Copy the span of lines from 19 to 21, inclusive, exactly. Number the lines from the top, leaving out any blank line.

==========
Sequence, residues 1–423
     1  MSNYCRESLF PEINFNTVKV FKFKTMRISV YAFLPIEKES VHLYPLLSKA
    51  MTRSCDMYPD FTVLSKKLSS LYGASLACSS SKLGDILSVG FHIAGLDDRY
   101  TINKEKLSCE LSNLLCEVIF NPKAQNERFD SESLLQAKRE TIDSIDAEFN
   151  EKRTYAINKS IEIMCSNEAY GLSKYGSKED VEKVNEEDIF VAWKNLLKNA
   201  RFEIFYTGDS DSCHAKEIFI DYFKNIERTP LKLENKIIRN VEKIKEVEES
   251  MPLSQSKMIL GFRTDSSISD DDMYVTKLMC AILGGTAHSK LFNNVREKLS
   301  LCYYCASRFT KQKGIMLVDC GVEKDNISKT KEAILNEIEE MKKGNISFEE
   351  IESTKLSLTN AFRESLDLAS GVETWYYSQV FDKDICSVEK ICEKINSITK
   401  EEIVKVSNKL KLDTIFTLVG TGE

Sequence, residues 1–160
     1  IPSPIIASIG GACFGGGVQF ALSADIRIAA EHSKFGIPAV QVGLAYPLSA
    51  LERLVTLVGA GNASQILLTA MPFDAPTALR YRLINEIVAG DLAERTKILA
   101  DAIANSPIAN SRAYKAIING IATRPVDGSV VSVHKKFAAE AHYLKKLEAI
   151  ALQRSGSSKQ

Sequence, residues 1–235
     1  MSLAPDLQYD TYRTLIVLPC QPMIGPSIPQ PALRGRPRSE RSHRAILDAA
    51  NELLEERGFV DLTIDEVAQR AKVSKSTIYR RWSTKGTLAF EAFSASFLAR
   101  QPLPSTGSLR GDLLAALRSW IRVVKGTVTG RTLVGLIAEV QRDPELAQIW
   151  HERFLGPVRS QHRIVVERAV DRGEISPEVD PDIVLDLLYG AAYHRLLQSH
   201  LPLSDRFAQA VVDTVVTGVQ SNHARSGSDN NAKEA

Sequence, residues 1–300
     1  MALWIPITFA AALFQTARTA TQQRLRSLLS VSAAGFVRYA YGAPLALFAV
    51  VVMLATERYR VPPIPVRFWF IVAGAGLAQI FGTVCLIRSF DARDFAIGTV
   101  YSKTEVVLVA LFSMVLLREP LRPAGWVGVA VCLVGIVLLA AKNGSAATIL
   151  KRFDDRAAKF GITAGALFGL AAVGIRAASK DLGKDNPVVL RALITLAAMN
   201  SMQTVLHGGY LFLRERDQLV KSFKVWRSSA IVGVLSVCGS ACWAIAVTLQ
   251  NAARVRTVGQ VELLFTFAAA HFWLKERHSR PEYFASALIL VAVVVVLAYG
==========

   101  QPLPSTGSLR GDLLAALRSW IRVVKGTVTG RTLVGLIAEV QRDPELAQIW
   151  HERFLGPVRS QHRIVVERAV DRGEISPEVD PDIVLDLLYG AAYHRLLQSH
   201  LPLSDRFAQA VVDTVVTGVQ SNHARSGSDN NAKEA